Say goodbye to cheap mortgage deals…

Kate Anderson investigates whether rising inflation could mean the end of cheap mortgage rates – and what you can do to lock in a new mortgage deal.

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Despite the current mortgage price war, could we be facing the end of cheap mortgage deals? With inflation on the rise, it is not surprising that the Bank of England is saying it will increase interest rates next year. Borrowers have enjoyed record low rates for years, but could mortgages be the next thing to get more expensive?

I investigate how a hike in the base rate could impact your mortgage – and what you can do about it.


Base rate and mortgage rates

The news of late has been focused on ultra-low mortgage deals. Several lenders have launched sub-1% fixed-rate products, and we have seen competitive deals even for those with a smaller deposit.

However, the reality of an increase in the Bank of England base rate is becoming more real by the day. Inflation is expected to hit 4% this year, and one of the ways the central bank can combat this is a rise in the base rate.

To understand why this could mean the end of cheap mortgage deals, we need to look at the correlation between the base rate and mortgage rates.

The higher the base rate is, the higher the swap rate will be. The swap rate is the price at which lenders can borrow money. If it’s more expensive to borrow money, then they charge more when it comes to mortgage rates.

Swap rates have already risen from 0.7% in August 2021 to 0.95% currently.

Securing a fixed-rate deal

If you are already on a fixed-rate mortgage deal, then an increase in the base rate is unlikely to affect you right now. But if you are nearing the end of your term – or you are on a tracker mortgage or your bank’s standard variable rate – then it may be time to think about getting a fixed-rate deal.

A fixed-rate mortgage is one where you pay the same throughout the length of the deal. So if you take out a two-year fixed-rate mortgage at 1.1%, you will pay that same interest rate for the full two years of the term.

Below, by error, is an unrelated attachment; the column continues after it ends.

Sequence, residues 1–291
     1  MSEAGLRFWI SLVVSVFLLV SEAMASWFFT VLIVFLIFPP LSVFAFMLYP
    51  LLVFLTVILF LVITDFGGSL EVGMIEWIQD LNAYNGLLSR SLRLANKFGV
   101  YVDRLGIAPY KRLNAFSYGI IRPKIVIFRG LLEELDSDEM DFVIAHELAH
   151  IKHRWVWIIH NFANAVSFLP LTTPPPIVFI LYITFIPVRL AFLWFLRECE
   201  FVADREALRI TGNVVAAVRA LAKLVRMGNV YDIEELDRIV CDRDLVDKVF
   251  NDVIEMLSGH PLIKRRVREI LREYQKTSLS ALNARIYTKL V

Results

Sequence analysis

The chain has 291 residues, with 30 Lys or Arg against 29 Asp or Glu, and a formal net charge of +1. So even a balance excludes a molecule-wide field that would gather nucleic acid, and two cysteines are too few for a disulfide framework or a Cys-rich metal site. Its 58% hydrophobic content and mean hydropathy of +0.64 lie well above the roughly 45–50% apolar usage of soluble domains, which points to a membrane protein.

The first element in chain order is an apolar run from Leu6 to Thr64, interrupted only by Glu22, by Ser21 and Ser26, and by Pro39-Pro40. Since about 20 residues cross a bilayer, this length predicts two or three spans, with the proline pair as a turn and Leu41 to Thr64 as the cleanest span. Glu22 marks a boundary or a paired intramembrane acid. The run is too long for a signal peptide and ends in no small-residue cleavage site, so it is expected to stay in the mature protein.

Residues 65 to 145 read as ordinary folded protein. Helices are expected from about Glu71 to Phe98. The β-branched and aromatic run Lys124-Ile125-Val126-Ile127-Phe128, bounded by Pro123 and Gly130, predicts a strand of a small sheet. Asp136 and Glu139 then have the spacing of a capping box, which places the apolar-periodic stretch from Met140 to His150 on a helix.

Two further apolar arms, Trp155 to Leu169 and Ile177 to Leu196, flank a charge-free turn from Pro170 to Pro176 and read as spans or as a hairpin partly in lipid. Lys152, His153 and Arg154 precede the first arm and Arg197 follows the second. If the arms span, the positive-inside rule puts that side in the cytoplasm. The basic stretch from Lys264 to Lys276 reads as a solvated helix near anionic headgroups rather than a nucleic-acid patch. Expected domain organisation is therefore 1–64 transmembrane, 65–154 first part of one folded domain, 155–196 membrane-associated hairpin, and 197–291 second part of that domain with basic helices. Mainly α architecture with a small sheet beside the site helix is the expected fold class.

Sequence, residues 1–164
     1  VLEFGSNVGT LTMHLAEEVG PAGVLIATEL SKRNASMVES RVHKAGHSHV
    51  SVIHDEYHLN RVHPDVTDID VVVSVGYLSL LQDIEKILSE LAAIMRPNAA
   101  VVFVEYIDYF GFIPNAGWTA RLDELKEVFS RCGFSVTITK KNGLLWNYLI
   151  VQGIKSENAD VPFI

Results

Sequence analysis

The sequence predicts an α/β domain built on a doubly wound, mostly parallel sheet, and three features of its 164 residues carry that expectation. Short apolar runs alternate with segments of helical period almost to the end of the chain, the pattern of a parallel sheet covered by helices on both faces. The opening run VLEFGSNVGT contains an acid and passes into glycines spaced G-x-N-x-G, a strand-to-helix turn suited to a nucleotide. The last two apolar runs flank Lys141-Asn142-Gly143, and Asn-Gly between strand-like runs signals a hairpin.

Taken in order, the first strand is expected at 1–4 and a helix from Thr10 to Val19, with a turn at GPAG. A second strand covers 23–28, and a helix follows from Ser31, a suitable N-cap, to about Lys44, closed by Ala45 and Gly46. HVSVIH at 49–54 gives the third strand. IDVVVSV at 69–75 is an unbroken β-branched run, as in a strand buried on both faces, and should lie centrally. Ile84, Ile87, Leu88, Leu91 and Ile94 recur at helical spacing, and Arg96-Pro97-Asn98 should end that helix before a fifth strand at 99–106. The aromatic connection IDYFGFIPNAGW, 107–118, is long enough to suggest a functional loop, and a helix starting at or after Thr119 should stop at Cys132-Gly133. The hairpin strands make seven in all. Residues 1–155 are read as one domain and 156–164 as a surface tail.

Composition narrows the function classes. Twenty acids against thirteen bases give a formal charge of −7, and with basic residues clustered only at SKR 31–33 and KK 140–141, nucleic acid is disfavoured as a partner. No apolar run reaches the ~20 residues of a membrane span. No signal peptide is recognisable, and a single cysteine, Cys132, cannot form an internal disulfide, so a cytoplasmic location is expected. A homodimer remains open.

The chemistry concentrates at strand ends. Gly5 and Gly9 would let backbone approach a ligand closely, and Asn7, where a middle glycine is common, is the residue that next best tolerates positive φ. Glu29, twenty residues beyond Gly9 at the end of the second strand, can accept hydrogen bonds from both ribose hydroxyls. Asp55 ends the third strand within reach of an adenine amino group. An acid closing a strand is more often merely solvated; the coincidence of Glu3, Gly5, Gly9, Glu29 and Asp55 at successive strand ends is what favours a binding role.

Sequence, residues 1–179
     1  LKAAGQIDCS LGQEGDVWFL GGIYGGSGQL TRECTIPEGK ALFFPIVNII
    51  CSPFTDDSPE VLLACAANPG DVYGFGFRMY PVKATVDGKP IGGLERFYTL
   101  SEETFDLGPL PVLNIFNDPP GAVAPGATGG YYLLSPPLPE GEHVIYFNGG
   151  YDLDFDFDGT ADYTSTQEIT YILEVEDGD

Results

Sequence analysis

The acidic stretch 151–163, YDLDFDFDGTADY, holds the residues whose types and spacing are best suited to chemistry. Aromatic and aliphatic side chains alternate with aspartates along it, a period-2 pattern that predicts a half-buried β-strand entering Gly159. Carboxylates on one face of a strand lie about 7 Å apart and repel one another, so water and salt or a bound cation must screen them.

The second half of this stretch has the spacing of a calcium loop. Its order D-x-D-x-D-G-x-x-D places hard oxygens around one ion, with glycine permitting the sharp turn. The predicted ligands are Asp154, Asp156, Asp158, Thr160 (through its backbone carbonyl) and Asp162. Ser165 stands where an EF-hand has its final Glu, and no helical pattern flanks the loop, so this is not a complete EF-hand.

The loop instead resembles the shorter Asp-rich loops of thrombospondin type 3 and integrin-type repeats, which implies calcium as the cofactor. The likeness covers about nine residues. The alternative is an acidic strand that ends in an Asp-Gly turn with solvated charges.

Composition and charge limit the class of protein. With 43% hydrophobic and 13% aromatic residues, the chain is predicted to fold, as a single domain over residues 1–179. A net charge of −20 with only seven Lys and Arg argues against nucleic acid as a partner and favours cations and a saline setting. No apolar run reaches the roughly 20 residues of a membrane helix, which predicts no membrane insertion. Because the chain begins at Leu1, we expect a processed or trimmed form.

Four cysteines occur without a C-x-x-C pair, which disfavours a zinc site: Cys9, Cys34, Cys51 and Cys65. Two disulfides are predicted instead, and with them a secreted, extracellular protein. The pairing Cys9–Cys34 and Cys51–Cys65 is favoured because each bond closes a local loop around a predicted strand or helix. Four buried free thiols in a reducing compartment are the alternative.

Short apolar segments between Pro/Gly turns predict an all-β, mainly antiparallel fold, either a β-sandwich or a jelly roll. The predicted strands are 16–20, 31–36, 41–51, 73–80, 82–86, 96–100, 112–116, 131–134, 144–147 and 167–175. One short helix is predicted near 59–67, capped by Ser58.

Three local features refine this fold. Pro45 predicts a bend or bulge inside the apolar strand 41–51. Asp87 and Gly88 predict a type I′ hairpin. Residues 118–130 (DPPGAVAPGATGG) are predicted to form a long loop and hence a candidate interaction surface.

You can typically fix your rate for two, five or 10 years. However, the cheapest deals tend to be attached to shorter terms.

What you may not know is that you can lock in a new rate up to six months before your deal ends. So if you are starting to get worried about a rise in interest rates and you are in that window, you can start shopping around now.

Fixing your rate may mean that you don’t benefit if the base rate is lowered. But considering it is currently at 0.1%, there’s really only one way it’s going to go. What a fixed-rate mortgage deal does give you is the security of knowing what your repayments are going to be each month.


What to look for in a mortgage

The interest rate is just one part of the mortgage. When looking for a new deal, you also need to think about affordability, type, mortgage term and flexibility.

It is likely to be one of your biggest outgoings, so making sure you get a deal that suits you is important. It is also a good idea to use a broker. They will be able to compare several deals and advise you on which suits your circumstances best.

You can also use a mortgage calculator. This handy tool will give you an idea of how much you can borrow and what your monthly repayments will look like.

Should you invest, the value of your investment may rise or fall and your capital is at risk. Before investing, your individual circumstances should be assessed. Consider taking independent financial advice.

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